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Supreme Court: Copyright must be registered before bringing infringement lawsuit – authored by Kyle Mendenhall

On Behalf of | Mar 4, 2019 | Uncategorized

After today’s Supreme Court decision in Fourth Estate Public Benefit Corp. v. Wall-Street.com, LLC, it is now more important than ever for copyright owners to file their registration applications with the Copyright Office as soon as possible. While an author gains exclusive rights in his or her work immediately upon its creation, section 411(a) of the Copyright Act of 1976 specifies that “registration of the copyright claim [must have] been made” with the Copyright Office before pursuing an infringement claim in court.

In the decades since the Copyright Act, the Circuit Courts of Appeals have disagreed about the meaning of section 411(a). While some courts have been interpreting this section to mean that the Copyright Office must review and register the mark before an action may be brought, other courts believed a claimant needed only to file their copyright application with the Office before instituting a lawsuit.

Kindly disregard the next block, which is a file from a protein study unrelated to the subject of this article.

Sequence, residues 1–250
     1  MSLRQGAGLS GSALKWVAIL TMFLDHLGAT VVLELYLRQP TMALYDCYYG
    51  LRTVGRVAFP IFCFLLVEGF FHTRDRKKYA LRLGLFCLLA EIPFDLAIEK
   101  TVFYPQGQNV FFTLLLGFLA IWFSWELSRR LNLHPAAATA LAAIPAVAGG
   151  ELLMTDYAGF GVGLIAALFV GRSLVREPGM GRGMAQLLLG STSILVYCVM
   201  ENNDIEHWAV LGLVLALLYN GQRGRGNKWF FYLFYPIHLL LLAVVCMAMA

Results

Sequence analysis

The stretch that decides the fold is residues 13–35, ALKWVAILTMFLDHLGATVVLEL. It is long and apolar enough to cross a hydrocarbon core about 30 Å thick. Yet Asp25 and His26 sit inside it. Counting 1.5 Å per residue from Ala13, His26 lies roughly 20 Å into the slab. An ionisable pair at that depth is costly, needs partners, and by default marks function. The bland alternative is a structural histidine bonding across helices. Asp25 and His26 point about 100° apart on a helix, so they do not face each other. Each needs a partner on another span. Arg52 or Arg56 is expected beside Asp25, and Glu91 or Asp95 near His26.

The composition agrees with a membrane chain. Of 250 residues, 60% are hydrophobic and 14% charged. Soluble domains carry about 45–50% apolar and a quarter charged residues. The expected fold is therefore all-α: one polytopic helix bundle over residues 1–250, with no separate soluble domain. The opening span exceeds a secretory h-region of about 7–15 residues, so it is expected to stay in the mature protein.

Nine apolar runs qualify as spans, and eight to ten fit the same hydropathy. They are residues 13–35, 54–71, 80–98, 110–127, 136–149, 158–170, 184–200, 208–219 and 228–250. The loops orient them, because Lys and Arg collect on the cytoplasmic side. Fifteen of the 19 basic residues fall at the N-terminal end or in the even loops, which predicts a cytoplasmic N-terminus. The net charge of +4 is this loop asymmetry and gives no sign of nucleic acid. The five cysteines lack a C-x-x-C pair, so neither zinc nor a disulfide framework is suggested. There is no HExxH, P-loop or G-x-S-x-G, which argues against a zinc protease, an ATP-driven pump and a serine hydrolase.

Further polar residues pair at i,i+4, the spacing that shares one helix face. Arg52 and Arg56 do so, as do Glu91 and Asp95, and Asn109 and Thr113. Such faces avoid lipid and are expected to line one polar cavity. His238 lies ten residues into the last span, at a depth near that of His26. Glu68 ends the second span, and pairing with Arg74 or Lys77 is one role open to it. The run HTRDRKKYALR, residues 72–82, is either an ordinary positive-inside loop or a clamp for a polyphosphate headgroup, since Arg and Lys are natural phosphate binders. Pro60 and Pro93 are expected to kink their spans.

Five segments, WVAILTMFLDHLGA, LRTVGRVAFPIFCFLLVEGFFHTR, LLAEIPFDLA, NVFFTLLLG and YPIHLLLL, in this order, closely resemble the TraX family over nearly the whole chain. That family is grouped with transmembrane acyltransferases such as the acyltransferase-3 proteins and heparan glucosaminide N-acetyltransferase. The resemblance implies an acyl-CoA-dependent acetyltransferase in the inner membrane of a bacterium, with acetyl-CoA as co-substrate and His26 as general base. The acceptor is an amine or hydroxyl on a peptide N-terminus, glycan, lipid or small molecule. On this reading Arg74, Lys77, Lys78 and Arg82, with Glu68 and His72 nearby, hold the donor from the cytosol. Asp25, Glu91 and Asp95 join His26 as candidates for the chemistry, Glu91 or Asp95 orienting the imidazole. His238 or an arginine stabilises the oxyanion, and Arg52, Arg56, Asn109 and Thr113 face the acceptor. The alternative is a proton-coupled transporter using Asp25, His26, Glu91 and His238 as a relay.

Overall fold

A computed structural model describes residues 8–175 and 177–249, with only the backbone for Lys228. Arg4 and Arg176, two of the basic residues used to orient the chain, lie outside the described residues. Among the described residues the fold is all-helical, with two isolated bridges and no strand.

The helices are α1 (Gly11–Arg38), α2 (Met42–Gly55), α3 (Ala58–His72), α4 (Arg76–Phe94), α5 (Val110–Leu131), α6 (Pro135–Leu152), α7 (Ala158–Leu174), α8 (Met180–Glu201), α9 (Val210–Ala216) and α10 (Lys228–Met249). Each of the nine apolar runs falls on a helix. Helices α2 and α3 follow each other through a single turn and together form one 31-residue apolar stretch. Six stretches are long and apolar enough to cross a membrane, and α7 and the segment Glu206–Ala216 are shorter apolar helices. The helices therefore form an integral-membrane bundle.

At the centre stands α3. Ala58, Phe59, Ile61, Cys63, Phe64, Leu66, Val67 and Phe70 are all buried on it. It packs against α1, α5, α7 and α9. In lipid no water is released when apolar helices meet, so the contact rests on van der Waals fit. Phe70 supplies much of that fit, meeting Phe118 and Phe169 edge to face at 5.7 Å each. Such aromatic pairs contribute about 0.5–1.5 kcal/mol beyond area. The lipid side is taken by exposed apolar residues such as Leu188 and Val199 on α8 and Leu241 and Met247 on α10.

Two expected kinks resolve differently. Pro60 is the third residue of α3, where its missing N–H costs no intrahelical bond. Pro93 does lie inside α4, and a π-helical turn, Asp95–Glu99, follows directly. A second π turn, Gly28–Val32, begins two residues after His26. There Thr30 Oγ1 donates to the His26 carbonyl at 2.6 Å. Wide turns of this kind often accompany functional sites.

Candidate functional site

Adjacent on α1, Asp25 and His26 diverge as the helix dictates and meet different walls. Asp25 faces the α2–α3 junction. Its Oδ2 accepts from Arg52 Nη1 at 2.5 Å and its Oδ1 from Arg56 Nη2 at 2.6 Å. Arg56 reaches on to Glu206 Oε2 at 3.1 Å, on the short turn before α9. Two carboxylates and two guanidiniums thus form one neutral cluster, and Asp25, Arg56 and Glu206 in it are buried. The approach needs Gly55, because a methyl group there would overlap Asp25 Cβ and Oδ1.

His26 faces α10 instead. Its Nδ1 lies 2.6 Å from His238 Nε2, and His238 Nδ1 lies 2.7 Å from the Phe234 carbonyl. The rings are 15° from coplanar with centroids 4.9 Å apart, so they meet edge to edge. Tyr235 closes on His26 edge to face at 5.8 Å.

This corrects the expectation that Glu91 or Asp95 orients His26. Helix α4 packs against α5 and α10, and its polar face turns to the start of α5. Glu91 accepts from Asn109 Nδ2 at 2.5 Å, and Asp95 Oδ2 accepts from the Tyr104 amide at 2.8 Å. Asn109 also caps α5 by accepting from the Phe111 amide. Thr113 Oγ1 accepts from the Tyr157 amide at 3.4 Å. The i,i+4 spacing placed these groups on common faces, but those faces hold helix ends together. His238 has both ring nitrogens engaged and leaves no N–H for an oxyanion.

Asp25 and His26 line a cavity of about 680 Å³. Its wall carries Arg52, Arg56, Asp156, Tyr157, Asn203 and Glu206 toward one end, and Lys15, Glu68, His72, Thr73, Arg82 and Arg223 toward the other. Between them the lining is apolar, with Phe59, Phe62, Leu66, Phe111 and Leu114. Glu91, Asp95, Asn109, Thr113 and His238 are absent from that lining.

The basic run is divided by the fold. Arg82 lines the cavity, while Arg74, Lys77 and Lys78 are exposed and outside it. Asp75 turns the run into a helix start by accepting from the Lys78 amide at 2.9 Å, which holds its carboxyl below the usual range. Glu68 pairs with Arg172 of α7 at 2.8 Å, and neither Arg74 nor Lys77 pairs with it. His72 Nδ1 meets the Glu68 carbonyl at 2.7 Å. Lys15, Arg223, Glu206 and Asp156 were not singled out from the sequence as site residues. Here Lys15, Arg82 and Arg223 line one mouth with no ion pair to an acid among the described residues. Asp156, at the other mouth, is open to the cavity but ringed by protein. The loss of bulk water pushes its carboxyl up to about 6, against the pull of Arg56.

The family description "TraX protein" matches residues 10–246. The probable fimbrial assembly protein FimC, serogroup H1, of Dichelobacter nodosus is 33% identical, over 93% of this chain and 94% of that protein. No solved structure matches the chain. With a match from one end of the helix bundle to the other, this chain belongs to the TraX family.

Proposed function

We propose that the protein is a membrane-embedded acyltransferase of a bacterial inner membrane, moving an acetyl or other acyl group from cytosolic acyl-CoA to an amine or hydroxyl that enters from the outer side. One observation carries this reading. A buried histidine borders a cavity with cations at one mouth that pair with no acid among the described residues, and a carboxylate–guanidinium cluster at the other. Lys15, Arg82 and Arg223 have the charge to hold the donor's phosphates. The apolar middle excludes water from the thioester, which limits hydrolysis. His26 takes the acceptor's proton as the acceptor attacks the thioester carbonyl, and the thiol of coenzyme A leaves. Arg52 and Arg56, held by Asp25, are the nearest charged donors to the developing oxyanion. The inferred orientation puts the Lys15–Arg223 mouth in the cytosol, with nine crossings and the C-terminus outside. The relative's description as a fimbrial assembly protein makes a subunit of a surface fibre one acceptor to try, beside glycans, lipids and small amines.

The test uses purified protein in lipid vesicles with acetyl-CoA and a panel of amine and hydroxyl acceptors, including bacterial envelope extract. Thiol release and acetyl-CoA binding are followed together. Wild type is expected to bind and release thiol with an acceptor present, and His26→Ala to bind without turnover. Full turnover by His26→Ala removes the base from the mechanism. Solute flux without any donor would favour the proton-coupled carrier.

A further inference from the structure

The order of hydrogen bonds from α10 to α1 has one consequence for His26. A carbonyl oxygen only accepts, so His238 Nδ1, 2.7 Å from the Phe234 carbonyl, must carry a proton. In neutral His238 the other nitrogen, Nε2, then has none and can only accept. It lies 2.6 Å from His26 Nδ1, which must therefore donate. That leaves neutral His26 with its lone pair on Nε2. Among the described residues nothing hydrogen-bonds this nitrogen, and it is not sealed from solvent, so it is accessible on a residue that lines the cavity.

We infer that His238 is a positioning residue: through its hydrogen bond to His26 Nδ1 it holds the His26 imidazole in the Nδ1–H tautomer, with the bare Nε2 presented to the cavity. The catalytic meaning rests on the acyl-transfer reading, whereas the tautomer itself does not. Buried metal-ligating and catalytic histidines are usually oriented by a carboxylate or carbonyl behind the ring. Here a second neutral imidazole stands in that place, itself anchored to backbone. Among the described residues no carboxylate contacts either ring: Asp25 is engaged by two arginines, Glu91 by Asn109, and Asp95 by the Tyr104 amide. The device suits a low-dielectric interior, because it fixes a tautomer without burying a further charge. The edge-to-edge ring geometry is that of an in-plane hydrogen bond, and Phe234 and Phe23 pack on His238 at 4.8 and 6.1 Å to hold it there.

In its opinion, the Supreme Court found that a copyright claimant may only commence an infringement suit after the Copyright Office registers the copyright, except under very limited circumstances. Although the Copyright Office takes much longer to register works than in previous decades, the Court believes this is an administrative issue that should be alleviated by Congress, not by the Court.

The practical effect of this decision is that it could take several months after filing an application with the Copyright Office before a claimant is eligible to bring a lawsuit against an infringer. While potential monetary damages may still be available from infringing acts before the registration is granted, the delay while waiting for registration may have serious consequences, for example when the copyright owner would prefer injunctive relief over monetary damages. Therefore, copyright owners who are interested in enforcing their rights against infringers should consider registering their works with the Copyright Office early and often.

Notably, for a hefty fee, a copyright applicant can request Special Handling in order to expedite the registration process. But this is only permitted under specific circumstances, including in anticipation of litigation.

The attorneys at Hovey Williams LLP can assist with registering your copyrighted works and enforcing your rights in court, so please give us a call.

The complete opinion can be found on the Supreme Court’s website: https://www.supremecourt.gov/opinions/18pdf/17-571_e29f.pdf

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